3 ways Birmingham can support January 12 Alabama tornado relief

(Alexander City Fire Department Facebook page)

The January 12th tornadoes struck at least 10 Alabama counties from Mobile in the Southern end of the state to Lawrence County in North Alabama.

“It’s amazing how people come together during these times in Alabama. Be mindful of the community that’s hurting and what they need right now, before people decide to just self deploy or send supplies, please check in with their local EMA check in and with United Way to see what these communities need right now.”

Annette Rowland, Red Cross Spokesperson 

List of Tornado Relief Organizations

Below is a preliminary list of groups who are assisting in the relief efforts.

1. United Way of Central Alabama

United Way of Selma and Dallas County are teaming up with United Way of Central Alabama (UWCA) to support Selma tornado relief efforts. They jointly launched a support website today.

Visit:  www.uwca.org/selma

They also ask people to spread the word on social media by using the hashtag #UnitedForSelma

2. Red Cross

The American Red Cross of Alabama & Mississippi is helping our neighbors recover from the damages in Selma. Here’s how:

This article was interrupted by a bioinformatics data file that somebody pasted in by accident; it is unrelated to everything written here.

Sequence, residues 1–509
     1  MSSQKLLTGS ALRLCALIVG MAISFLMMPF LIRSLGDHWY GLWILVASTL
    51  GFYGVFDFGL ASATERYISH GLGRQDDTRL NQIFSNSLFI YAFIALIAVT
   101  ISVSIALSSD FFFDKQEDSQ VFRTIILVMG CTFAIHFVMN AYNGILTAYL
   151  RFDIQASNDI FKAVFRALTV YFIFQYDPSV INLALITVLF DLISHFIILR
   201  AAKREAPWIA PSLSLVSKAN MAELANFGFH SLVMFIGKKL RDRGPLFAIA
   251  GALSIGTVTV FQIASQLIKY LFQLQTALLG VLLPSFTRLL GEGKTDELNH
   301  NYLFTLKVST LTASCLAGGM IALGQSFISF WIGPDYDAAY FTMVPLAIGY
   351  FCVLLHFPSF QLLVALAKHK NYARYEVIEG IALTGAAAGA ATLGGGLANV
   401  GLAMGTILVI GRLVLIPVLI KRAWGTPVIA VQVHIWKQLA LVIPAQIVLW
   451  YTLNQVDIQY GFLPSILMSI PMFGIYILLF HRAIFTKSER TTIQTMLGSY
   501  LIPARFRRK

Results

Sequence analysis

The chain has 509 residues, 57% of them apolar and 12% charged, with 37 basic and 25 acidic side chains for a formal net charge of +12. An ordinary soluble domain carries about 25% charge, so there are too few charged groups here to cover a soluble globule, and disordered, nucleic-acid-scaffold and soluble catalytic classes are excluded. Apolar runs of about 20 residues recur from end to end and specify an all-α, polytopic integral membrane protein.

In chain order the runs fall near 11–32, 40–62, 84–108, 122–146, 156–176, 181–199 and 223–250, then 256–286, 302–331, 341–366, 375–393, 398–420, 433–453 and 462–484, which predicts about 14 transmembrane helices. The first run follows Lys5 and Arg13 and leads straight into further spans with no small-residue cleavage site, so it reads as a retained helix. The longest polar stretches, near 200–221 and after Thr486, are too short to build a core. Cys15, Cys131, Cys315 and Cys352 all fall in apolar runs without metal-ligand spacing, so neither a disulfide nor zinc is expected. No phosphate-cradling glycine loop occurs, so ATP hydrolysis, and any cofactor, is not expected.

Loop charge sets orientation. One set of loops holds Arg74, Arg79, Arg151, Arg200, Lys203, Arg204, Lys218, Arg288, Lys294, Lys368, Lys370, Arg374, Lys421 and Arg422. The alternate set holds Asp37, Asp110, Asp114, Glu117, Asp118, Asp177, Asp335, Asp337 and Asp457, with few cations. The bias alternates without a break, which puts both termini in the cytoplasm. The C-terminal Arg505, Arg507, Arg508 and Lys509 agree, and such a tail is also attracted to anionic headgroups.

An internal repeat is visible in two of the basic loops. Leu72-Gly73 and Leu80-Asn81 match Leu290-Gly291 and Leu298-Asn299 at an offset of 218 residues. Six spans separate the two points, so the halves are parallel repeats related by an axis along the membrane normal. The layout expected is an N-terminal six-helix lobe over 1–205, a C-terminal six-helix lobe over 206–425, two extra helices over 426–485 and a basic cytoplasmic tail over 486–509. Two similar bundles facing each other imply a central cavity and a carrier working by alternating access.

• Shelter at Selma High School: A place to stay + get a meal and emergency supplies.
  • Damage assessments: Call 1-800-Red Cross or contact your local emergency management agency to schedule a damage assessment.
  • Volunteer: Check out the Red Cross website for volunteer and donation opportunities.

3. Community Foundations

The Community Foundation of Greater Birmingham is supporting the tornado efforts by asking people to donate funds and support the two local Community Foundations where the tornadoes caused damage. The two charities are:

Black Belt Community Foundation & Central Alabama Community Foundation

The Community Foundation has also posted a blog post which contains a list of charities people can support. They intend to update the list periodically. 

“Community Foundations have a unique ability to provide flexible, long-term resources in disasters like this,” said Gus Heard-Hughes, Senior Vice President of Programs. “Because they serve the local community they understand the needs of those most affected by the tornadoes and can direct resources to help meet those needs.”

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Pat Byington
Pat Byington

Longtime conservationist. Former Executive Director at the Alabama Environmental Council and Wild South. Publisher of the Bama Environmental News for more than 18 years. Career highlights include playing an active role in the creation of Alabama's Forever Wild program, Little River Canyon National Preserve, Dugger Mountain Wilderness, preservation of special places throughout the East through the Wilderness Society and the strengthening (making more stringent) the state of Alabama's cancer risk and mercury standards.

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